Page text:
Friday, February 26, 2010

Angie. . . Oh, Angie

I had two goals today. One, survive “Angie” in one piece. Two, beat Brady. I accomplished the first, but not the second. But that’s okay.
Here is the breakdown of a bitch or lady (however you choose to see her) like Angie. . .100 pull-ups, 100 push-ups, 100 sit-ups, 100 squats.

I look at WOD’s with 100 or more pull-ups with trepidation. Not only are they hard, really hard, but I full on expect to rip. And although know one dies from torn up hands, it does make washing your hair the next day a bit of a challenge.

Staring at the pull-up bar last night before 3-2-1-go, I wondered just exactly how far I would get before the damage would begin. After the first 30, I looked at my hands. They hurt, but appeared to be hanging in there. After 60, they hurt very bad, and were pinching. Around 85, I was certain that I would need some taping very soon. But the most wonderful thing happened at 100. . . I checked my hands. . . and my hands were in one piece!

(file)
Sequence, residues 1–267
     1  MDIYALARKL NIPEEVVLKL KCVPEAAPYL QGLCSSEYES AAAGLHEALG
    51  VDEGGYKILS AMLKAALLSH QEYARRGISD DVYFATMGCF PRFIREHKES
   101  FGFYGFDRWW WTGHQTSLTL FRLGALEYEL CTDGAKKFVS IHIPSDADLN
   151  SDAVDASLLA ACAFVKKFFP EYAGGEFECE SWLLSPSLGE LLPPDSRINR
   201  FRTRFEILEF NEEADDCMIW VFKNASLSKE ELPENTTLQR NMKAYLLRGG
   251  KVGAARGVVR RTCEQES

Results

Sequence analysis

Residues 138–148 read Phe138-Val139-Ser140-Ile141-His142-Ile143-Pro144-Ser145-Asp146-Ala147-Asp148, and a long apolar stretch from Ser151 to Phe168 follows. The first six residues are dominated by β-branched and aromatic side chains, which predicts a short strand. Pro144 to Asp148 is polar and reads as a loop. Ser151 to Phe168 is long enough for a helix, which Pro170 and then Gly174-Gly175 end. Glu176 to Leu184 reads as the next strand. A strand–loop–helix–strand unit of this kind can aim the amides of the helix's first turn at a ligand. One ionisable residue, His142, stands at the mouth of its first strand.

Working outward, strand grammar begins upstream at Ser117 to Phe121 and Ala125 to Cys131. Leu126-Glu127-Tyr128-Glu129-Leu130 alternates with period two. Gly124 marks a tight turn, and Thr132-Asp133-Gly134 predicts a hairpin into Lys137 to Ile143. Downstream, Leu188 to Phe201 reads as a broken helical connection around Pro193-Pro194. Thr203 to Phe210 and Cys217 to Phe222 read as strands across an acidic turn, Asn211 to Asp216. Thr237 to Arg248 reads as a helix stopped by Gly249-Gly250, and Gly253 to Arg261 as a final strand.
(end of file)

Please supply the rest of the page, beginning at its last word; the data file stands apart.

This was the first time ever to reach the 100 mark without blisters and bleeding. This was a good day. I have renewed faith in these hands of mine. My hands accomplish amazing things. My hands aren’t beautiful, but they are tough. They are the hands of a CrossFit athlete. I have great hands! I am thankful for these hands.

Some of you might be asking why I choose to put my hands through such an ordeal. The short answer is “because I can.”

Sunday, February 21, 2010

They think I am beautiful

My daughters say the funniest things to me. They love me and tell me I am the most beautiful woman in the world. But they also tell me a few other things about my appearance. I think often, how fortunate that I have a fairly solid self esteem, because if I didn’t, yikes. . .